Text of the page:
After the migrant caravans from Central America in 2017 and 2018 renewed calls for increased security on the U.S. southern border, there are signs that a new surge of migrants is ready to test the endurance of U.S. Customs and Border Protection (CBP).
For the first time in years, many of the asylum seekers accumulating on the southern border are from Mexico as they emulate the actions of Central American migrants who have also sought asylum in the United States.
After the surges in migrants from Central America over the past few years, the new surge seems to be made up of Mexican nationals as they adopt the tactics of the Central Americans in order to make it across the border. In November, Acting Commissioner of Customs and Border Protection Mark Morgan announced that Mexican nationals made up a majority of those apprehended at the southern border for the first time in 18 months.
While border apprehensions are down from the peak of the migrant crisis in May 2019, they are still higher than in previous years. There were over 42,000 apprehensions in November 2019 compared to 39,000 in November 2018. In total, there were over 977,000 apprehensions in FY2019 compared to around 520,000 in FY2018. (RELATED: ‘Catch And Release Is Over’: Border Apprehensions Drop For The Sixth Month In A Row)
Hearing about the successful asylum requests of Central Americans, many Mexicans are now heading to the U.S. border to request asylum from the escalating gang violence present in several parts of Mexico. They have adopted the same caravan-style groups that Central Americans used in early 2019 to garner both media attention and to overwhelm immigration officers with sheer numbers. The number of asylum seekers on the U.S. border has more than quadrupled since February. Roughly half of the 21,000 asylum seekers languishing on asylum waiting lists are Mexican, representing a massive increase from the number in 2018 and reversing the decrease in migrants from Mexico that has characterized immigration into the U.S. for the past few years. (RELATED: Mexican Caravan Traveled In Opposite Direction Of US For Christmas Holiday)
However, the surge of Mexican migrants presents a special challenge for the immigration system that circumvents the Trump administration’s new “Remain in Mexico” policy. Simply put, Mexican asylum seekers cannot be sent back to Mexico. International law dictates that those seeking asylum cannot be deported back to their home countries where they face persecution.
The “Remain in Mexico” Policy has proven successful at Central American keeping asylum seekers out of the U.S. Under the policy, asylum seekers from Central America, namely Guatemala, El Salvador and Honduras, are kept in Mexico while they await their court dates. This prevents them from escaping into the interior of the country and skipping their hearing can appraise the veracity of their asylum claim. Over 56,000 migrants have been moved back into Mexico to await their court hearings. Since launching the program in January 2019, only 11 cases have been deemed to be legitimate requests for asylum.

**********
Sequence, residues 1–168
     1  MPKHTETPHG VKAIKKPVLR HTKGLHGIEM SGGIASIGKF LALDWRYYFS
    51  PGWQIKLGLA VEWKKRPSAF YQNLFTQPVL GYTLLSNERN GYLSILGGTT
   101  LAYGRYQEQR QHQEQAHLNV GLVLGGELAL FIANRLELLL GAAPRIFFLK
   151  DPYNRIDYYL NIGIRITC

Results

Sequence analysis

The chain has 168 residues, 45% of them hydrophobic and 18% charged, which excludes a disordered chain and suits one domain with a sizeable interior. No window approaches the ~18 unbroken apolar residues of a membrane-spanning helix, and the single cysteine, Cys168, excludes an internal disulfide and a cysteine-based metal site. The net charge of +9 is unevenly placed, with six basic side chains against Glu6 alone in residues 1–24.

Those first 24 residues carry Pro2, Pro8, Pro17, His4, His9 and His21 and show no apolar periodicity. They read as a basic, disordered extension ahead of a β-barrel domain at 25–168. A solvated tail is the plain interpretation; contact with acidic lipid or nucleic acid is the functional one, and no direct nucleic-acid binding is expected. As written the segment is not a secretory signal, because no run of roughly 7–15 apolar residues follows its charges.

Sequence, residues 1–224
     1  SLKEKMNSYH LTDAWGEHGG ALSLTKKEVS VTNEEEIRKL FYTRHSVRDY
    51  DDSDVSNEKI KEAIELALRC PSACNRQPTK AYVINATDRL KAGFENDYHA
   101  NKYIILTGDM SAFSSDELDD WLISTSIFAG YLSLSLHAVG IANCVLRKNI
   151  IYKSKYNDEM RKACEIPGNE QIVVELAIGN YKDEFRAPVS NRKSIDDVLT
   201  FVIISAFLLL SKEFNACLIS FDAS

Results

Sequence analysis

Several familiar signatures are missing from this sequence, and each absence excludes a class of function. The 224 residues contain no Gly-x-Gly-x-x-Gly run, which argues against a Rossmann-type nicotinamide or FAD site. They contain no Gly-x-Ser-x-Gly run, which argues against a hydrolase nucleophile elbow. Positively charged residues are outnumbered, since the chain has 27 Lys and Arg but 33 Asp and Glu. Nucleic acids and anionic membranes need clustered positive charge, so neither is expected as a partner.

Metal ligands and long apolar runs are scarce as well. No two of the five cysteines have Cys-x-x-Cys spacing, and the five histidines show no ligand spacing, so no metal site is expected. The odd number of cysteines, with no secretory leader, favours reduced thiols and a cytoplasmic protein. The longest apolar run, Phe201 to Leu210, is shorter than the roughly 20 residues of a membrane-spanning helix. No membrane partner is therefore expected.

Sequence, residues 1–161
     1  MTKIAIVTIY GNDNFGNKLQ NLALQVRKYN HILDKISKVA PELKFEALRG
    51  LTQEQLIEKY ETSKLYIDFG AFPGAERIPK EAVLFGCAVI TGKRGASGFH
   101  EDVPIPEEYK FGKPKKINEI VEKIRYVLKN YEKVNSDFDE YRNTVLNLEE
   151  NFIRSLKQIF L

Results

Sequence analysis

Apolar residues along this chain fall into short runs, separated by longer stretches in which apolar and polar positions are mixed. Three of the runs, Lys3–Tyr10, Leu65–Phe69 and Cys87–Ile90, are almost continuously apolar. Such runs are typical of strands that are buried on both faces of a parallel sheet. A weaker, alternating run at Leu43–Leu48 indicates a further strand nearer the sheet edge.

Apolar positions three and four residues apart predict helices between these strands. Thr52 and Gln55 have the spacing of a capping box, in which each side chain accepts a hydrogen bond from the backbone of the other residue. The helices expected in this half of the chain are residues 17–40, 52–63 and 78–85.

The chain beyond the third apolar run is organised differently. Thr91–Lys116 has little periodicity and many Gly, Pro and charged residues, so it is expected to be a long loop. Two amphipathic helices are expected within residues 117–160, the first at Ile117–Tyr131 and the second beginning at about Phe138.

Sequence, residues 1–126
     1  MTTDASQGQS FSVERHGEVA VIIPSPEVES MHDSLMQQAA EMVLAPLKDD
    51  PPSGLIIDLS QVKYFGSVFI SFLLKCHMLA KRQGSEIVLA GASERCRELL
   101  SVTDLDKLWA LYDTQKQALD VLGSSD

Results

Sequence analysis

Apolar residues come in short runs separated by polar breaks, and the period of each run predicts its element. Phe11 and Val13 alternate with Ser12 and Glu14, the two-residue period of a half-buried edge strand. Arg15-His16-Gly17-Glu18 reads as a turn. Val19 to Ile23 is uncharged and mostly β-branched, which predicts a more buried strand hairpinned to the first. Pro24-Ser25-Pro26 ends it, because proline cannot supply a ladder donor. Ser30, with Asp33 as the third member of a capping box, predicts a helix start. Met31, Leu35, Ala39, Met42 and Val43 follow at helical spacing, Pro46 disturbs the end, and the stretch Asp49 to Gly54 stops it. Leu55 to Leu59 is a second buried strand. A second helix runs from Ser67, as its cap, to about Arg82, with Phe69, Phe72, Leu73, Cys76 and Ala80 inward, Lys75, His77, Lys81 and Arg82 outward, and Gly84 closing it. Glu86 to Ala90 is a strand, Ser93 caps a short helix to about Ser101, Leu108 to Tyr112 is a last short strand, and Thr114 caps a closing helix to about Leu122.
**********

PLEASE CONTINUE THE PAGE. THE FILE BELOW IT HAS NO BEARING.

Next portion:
Gang violence has plagued Mexico as both the U.S. and Mexican governments have battled drug cartels that effectively control large portions of the country. Since 2006, there have been over 250,000 drug-related murders in Mexico. The country experienced over 29,000 murders in 2019, according to the Mexican government.
An email from Andrew Davidson, chief asylum official in the U.S. Citizenship and Immigration Services, obtained by the Daily Caller News Foundation in December 2019 revealed the protocols used to deal with the Mexican nationals seeking asylum. In the email, Davidson cautioned officers to appraise whether a Mexican national seeking asylum could internally relocate within Mexico to escape the alleged persecution before accepting an asylum application.
Also, they have developed a tactic called “metering” in which migrants are put on waiting lists and only a few migrants are allowed to enter the U.S. every day. At some crossings along the Rio Grande, Border Patrol officers meet asylum seekers halfway to screen their applications, only allowing a small trickle of migrants to cross at a time.
The Department of Homeland Security has also launched the Interior Repatriation Initiative in which Mexican nationals stopped at the border are sent to the center of the country instead of just back over the U.S.-Mexico border, making a journey to try to enter again more difficult. The Trump administration has also considered deporting Mexican asylum seekers to all the way Central America instead of back to Mexico.
The numbers of Central American migrants have dropped precipitously since the height of the migrant crisis in May 2019, but now there are signs that a new surge of asylum seekers is on the horizon — this time from Mexico. As violence between brutal drug cartels and the Mexican government continues to rage across the country, the U.S. could see thousands, and perhaps tens of thousands, more migrants trying to enter the country through the southern border, and the country’s immigration system could come under heavy strain once again.